From the Editor:

Recruiting Obama


Living in a Parable
Win Some, Lose Some, Keep Going


Christ’s Presence, Comfort
Counsel, Security


Link of the Week

Preacher’s Bookshelf


And Finally…

"If your ship doesn’t come in, swim out to it."

(Jonathan Winters)


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    Vol. 7, No. 24 June 24, 2008    

Michael Duduit

Churches all over Chicago and Washington have a new name on their prospect list: Barack Obama.

The senator from Illinois recently announced that due to the unpleasantness arising from response to the preaching in his church, he was resigning his membership there. Actually it’s not all that unusual for people to leave a church, though the preaching is not usually the major factor. It’s usually something important like the color of the new carpet, or that thing so-and-so said about me to that other guy, or the fact they actually expect me to contribute to that place!

For whatever reason, the soon-to-be presidential nominee of the Democratic Party is a man without a church, so add him to your prospect list! There is that question of where he is likely to join a new church — if he wins in November, he could join a church in D.C. (Not many presidents seem to transfer their membership during their terms, but since Obama doesn’t have a home church right now, he might as well.) Of course, if he doesn’t win, he might prefer to find another Chicago-area church. I’m sure there are a few hundred that would be glad to have the Obama family.

The challenge now: How do you arrange that pastoral visit on the campaign trail?

Michael Duduit, Editor

There will not be an issue of Preaching Now next week.

This week’s featured podcast is with Steve Sjogren. Go to our podcast page at https://www.preaching.com/media/podcasts/ to hear this or one of several dozen other podcast interviews.


In his book Creating a Prodigal-Friendly Church (Zondervan), Jeff Lucas offers an aside about the power of a parable: "We all know Jesus loved to tell stories — it was His preferred method of teaching. These wonderful stories were not designed to dumb down truth, but rather to provoke thought, discussion and heart searching.

"A parable is not a vehicle to convey one single truth, for a number of ideas can be expressed beautifully through story. But we tread into dangerous territory here. Preachers through the years have subjected the parables to endless allegorizing, which is unfortunate, and has prompted some theologians to insist a parable has only one core idea at its heart. But surely, Jesus, metaphorical theologian that He was, invites us to live in the story. It’s been said that to rightly understand a parable, we must treat it like a house with many rooms." (Click here to learn more about the book Creating a Prodigal-Friendly Church.)


In their book The Leadership Lessons of Jesus (B&H), Bob Briner and Ray Pritchard remind us of the old baseball cliché, "You win some, you lose some, and some get rained out." Though not targeted specifically at pastors, the book contains plenty of insights valuable to church leaders. For example, they observe, "A wise leader understands the implications of this for his or her leadership. Every leader would like to win them all, but this is impossible. No one wins more than ‘some.’

"It’s also important to understand the ‘rainouts’ principle, those people and circumstances for which there will be another day. They are neither won nor lost, but they will be in the future. They need to be remembered and ‘rescheduled’ for the most opportune time and should not be written off or forgotten. A time will come for them. A good leader understands this and plans accordingly.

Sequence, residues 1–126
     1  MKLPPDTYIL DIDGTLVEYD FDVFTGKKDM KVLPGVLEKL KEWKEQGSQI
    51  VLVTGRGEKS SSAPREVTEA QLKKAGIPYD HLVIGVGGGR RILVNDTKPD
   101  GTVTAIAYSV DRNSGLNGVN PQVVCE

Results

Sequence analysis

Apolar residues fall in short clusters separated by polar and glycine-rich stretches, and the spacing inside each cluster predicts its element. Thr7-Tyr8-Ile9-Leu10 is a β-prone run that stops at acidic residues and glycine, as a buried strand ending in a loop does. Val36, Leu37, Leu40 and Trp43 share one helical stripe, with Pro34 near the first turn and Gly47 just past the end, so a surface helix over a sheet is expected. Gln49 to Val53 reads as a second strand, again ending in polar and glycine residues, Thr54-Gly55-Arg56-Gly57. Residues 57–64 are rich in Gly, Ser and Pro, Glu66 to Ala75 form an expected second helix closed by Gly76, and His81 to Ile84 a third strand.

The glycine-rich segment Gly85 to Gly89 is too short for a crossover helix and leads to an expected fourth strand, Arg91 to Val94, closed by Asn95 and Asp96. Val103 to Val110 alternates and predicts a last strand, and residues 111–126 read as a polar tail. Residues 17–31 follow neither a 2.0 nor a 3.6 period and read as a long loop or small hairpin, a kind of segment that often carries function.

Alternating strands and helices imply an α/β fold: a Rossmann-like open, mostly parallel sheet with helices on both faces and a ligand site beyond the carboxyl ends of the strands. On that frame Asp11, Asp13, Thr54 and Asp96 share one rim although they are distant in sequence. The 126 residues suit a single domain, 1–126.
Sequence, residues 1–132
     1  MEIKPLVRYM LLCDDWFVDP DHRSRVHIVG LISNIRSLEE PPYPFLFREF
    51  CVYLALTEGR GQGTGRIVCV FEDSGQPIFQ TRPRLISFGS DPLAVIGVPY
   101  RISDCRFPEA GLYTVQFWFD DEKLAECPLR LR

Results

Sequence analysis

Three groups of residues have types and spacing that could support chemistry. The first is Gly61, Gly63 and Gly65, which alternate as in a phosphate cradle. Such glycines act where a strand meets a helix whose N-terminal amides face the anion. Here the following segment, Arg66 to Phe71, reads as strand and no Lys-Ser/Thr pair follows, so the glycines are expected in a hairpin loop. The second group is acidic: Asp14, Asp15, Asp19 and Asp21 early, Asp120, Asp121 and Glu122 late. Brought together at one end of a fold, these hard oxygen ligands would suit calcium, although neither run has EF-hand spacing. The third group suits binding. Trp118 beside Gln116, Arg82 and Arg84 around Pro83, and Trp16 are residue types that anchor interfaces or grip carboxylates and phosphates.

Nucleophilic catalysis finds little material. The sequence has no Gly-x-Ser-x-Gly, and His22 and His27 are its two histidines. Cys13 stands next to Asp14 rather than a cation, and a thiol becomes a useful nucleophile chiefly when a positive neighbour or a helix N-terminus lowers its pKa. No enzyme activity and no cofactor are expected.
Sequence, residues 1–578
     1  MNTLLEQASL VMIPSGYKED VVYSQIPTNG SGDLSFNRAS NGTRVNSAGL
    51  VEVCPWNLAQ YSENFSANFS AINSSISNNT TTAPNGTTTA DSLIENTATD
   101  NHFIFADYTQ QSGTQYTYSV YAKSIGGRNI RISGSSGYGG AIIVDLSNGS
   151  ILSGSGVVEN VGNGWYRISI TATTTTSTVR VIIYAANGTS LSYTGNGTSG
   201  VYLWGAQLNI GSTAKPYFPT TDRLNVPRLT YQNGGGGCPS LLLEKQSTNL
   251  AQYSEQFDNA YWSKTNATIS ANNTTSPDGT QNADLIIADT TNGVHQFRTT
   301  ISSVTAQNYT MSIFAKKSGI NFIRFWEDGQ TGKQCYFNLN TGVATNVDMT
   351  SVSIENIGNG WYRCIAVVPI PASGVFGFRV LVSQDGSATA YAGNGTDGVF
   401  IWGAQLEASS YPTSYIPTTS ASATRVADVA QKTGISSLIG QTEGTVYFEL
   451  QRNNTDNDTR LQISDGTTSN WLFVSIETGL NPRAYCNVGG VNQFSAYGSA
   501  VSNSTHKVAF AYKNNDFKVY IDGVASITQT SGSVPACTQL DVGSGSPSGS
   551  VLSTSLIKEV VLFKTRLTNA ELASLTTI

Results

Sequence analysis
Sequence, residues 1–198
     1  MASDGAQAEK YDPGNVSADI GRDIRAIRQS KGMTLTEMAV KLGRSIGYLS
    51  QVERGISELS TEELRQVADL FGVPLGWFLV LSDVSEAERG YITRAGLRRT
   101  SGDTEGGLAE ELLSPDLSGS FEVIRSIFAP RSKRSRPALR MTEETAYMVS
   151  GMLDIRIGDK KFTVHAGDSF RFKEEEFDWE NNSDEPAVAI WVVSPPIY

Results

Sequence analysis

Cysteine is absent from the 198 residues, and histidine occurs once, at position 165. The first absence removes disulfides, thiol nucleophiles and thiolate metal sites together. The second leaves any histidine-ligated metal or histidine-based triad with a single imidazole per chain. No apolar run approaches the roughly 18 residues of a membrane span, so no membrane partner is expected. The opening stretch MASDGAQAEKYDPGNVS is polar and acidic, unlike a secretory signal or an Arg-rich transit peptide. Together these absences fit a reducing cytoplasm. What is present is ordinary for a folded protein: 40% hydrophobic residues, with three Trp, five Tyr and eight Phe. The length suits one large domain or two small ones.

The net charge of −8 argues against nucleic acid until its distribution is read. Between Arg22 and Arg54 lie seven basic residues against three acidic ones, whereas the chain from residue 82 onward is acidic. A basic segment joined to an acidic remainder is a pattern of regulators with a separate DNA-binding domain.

"Jesus emphasized these concepts in His parable of the sower (Mark 4:1-9). Because the sower couldn’t know in advance where to find the best soil, he had to sow (‘broadcast’) the seed in all directions in order to guarantee that some would land on good soil. After all the marketing plans are made and the strategy is set, no one knows what will happen in the marketplace. All things being equal, though, the more you produce, the more you advertise, the more you sell. The sower was willing to take a 75 percent ‘loss’ in order to reap a 25 percent ‘profit,’ which actually yielded a hundredfold dividend.

"Leaders who can’t handle rejection, defeat or delay don’t last. Leaders who have to win everything every time are short-lived with limited success … We can’t be discouraged by a lack of response. We must trust God to bring about the harvest in His own time and His own way." (Click here to learn more about the book The Leadership Lessons of Jesus.)


A little girl had a cut near her eye. Her father quickly took her to see the doctor. The cut was not serious, but the location of the injury made it important that it be fixed properly. The doctor decided a couple of stitches were needed, but he didn’t want to give the child an anesthetic. He explained to her that the procedure would be painful and asked if she could stand it. The little girl replied that she could, if her father would hold her hand. The father then took her in his lap, slipped his arm around her, and held her tight. The doctor did his work, and the little girl never flinched. The father could not possibly have erased the pain from this process. If he had not been there, though, the girl’s reaction would have been much different.

So it was for the disciples. The time was fast approaching when they would split up and travel to the far corners of the world to proclaim the gospel. Jesus would not be with them physically. He wanted them to know, though, that they would not be alone. His hand would still be in theirs. And that made all the difference in the world. (Arthur G. Ferry Jr., Eating Cold Grits)


Sometimes it is easier to look elsewhere for our security and approval. Like the day when Charlie Brown stopped at the psychiatric help stand to talk with Lucy. He confesses, "My trouble is I never know if I’m doing the right thing. I need to have someone around who can tell me when I’m doing the right thing." Lucy says, "Okay. You’re doing the right thing. That’ll be five cents, please!" Charlie Brown walks away with a smile on his face.

In a few minutes, he returns with a frown. "Back already?" asks Lucy. "What happened?" Charlie Brown says, "I was wrong. It didn’t help. You need more in life than just having someone around to tell you when you’re doing the right thing." Lucy says, "Now you’ve really learned something! That’ll be another five cents please." (William G. Carter, Water Won’t Quench The Fire, Sermons.com newsletter)

From the July-August issue of Preaching …

In an article on using argumentation theory in preaching, Calvin Pearson reminds us: "The Scripture gives us many guidelines for our attitudes toward others. The hardest one to talk about is humility — but would anyone deny its importance? To say we are humble in our argumentation is presumptuous, as though we didn’t have any motives. However, it is vital to see the following suggestions are not just another part of a method we learn so we can ‘win’ in our next debate.